When innovation became a key factor in my compensation and my then employer, Johnson & Johnson, tracked the revenue gains I generated, a sage manager warned me that this would be the hardest job of my life. He said that a concern was that nobody could just sit down and generate big ideas, brainstorms never worked, and that I would struggle to achieve the stretch goals that had been set for me. I wasn’t just being asked for one big idea but had to deliver dozens of them, each one global and each one significant in incremental opportunity. They had to be breakthrough and test well with consumers and stakeholders.
He was right about some things – it was one of the hardest jobs in my life. However, he was wrong about brainstorms. Structured correctly, brainstorms generate strong results and I learned fast to ensure that they did. By now, I have planned and led over 200 brainstorms.
Today at Luminations, we run our trademarked Lightning Strike® brainstorms with the benefit of these tenets. They can be a physical get together, sessions that pull cross-functional partners together for an all-day workshop, or they can be done virtually with a virtual whiteboard and Webex.
Here are my top 10 points to power your brainstorms.
- Ground everyone in data, information and the hypotheses you already have. Do the necessary background work and be sure to share it in simplified form with those participating in your brainstorm. Lead with this foundational learning to ensure everyone has a similar level of basic knowledge and all can participate.
- Make the parameters and deliverables crystal clear. Let everyone know upfront what the expectations and goals are. Acknowledge any naysayers or obstacles but move on. If asked, everyone attending should be able to articulate what we want to accomplish in this specific brainstorm.
- Leverage experts, trained professionals and outside thinkers. There is tremendous value in outside thinking. It is so easy to become insulated and to develop blinders in a category, channel, industry or other areas. Bringing in outsiders helps eliminate this issue. They ask questions and bring examples and precedents from other disciplines. They view a prospective consumer, customer or patient from a different angle. And they bring associative logic.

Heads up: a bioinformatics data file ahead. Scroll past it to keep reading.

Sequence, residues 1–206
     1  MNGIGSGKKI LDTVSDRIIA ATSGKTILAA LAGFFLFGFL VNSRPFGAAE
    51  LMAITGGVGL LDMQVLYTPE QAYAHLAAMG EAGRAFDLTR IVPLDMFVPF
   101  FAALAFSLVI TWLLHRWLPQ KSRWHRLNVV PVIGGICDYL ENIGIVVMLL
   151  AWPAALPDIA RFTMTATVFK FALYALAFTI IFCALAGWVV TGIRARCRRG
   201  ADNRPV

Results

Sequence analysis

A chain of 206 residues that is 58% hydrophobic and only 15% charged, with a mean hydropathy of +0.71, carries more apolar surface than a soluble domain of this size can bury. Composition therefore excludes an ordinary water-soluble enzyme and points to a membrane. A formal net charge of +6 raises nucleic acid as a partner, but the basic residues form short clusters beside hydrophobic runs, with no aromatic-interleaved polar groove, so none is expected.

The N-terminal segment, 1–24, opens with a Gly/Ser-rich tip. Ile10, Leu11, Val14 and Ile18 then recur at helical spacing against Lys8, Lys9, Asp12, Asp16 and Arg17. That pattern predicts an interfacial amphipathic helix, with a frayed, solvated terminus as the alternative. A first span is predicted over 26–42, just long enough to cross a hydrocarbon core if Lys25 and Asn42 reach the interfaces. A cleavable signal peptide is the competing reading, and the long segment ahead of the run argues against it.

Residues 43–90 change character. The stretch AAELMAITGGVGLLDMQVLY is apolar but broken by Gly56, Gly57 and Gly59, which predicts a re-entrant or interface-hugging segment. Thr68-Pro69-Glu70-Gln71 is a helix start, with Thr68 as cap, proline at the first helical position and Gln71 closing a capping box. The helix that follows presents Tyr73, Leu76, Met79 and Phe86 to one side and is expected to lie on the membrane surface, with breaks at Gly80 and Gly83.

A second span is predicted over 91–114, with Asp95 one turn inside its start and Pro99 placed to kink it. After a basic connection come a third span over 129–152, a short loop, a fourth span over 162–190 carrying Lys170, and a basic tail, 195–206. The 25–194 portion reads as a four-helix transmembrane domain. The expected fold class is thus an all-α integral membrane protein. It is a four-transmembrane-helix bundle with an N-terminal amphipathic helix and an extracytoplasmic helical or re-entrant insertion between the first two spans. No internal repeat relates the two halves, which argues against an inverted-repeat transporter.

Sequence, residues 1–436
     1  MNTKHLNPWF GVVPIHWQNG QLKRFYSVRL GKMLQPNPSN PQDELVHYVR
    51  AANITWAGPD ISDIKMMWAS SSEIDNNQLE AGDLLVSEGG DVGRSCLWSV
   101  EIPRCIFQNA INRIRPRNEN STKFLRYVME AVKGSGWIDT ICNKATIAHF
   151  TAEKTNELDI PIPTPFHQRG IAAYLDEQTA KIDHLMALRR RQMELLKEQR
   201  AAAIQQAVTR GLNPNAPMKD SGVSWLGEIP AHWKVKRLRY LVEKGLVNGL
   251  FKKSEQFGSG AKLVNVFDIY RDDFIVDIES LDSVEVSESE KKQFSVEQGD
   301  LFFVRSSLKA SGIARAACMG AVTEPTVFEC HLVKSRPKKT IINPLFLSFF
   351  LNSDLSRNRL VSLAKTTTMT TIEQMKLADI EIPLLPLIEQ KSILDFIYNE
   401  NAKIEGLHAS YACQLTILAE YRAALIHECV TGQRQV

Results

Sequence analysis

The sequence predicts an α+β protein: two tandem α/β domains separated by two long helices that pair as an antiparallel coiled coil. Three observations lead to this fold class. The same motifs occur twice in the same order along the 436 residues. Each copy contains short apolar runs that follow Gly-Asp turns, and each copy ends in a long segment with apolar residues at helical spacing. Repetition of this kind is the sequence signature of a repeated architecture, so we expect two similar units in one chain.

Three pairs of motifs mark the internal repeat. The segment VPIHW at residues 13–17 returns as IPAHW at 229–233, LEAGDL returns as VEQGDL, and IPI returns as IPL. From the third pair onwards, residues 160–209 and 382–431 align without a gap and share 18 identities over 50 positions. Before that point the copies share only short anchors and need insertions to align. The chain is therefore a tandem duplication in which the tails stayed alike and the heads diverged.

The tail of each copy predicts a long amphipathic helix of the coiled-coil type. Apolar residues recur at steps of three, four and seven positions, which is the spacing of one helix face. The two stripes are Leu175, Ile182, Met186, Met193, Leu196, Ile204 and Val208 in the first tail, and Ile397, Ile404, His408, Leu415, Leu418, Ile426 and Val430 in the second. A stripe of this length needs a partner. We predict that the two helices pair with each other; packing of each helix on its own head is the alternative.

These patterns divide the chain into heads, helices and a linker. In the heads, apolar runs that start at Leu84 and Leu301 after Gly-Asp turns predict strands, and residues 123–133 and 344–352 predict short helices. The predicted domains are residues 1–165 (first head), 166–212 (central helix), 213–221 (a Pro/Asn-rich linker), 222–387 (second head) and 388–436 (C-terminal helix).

- Facilitate with finesse. If possible, use an outside facilitator to enable all team members to step back, participate and keep the ideating on track. The day or discussion should be explicitly choreographed to maximize results. Make the group aware that their presence, when in the room/conference call, is required – this means no electronic distractions. We often collect phones and iPads at the beginning of our sessions and redistribute during break times. Once people get over the uncomfortable feeling of not having their phone at hand, they usually participate with gusto.
- Develop stimuli and exercises that move the group toward the desired outcomes. Don’t sit still – make sure to plan exercises that get people up and moving. Physically moving around helps stimulate the brain. Use stimuli to advance thinking – photos, ads, quotes, products (not always in the current category) and even toys to keep the hands occupied while thinking.
- Go in with thought-starters. While we inevitably get the juices flowing, sometimes it takes a little while to get ideas up on the board. Do a pre-planning session for each exercise that enables you to come in with some thought starters.
- Document, document, document. Lots of valuable ideas will crop up; be sure to capture them all, even if you cannot see right now how they might apply. Discussion, disagreement, questions, concerns and obstacles voiced are also important to document as they may be the genesis of an idea.
- Keep asking why to get to the insight behind an idea. When we teach insight identification, we gently push students to keep asking why to get to the bottom of the motivation for a decision. Challenging assumptions and probing on behaviors often leads to the underlying drivers, an important facet of any brainstorm.
- Acknowledge that different participants bring different strengths and leverage them. With any session comes a mix of background, experience, motivation and knowledge. Be sure you understand who will be in the room (or on the call) and think about how best to leverage her skills and background.
- Deliver a “finished” framework. Don’t let the end of the brainstorm be the end. It’s easy to walk away inspired and energized with no actionable next steps. Be sure to put together an organized summary of themes, key idea platforms and questions for the future. Don’t leave the session without alignment on what the team’s next steps are and who owns which initiative.
Brainstorming can work as an in-person session, a virtual session facilitated by new technologies that allow sharing of materials and whiteboards, and the process also works to ideate on your own. It can be daunting to sit down with a blank sheet of paper pressuring yourself to generate ideas for new baby products – so don’t. Instead, watch a mom diaper, feed, bathe and get a baby ready for bed. Listen to a caregiver talk about things she wishes were easier. Whenever we think about products for babies we also think about products for pets; after all, the actual consumer cannot articulate his or her wants or needs so the “parent” decides on their behalf. After you’ve steeped yourself in the experience of babies, start to jot down your ideas.
When structured correctly, a properly executed brainstorm can be immensely rewarding. Just be prepared to dive deep into the subject matter, engross yourself in the experience, and let the ideation begin.
This article first appeared in www.forbes.com
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